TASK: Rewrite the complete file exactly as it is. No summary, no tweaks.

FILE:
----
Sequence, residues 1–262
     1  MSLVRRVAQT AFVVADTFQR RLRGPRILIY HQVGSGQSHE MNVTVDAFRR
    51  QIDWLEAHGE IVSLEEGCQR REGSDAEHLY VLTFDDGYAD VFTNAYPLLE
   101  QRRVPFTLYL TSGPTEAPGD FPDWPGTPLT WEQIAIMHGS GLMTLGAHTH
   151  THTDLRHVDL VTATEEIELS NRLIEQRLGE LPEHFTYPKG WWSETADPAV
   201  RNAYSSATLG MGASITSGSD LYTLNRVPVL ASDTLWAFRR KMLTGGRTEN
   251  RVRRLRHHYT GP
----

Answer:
Sequence, residues 1–262
     1  MSLVRRVAQT AFVVADTFQR RLRGPRILIY HQVGSGQSHE MNVTVDAFRR
    51  QIDWLEAHGE IVSLEEGCQR REGSDAEHLY VLTFDDGYAD VFTNAYPLLE
   101  QRRVPFTLYL TSGPTEAPGD FPDWPGTPLT WEQIAIMHGS GLMTLGAHTH
   151  THTDLRHVDL VTATEEIELS NRLIEQRLGE LPEHFTYPKG WWSETADPAV
   201  RNAYSSATLG MGASITSGSD LYTLNRVPVL ASDTLWAFRR KMLTGGRTEN
   251  RVRRLRHHYT GP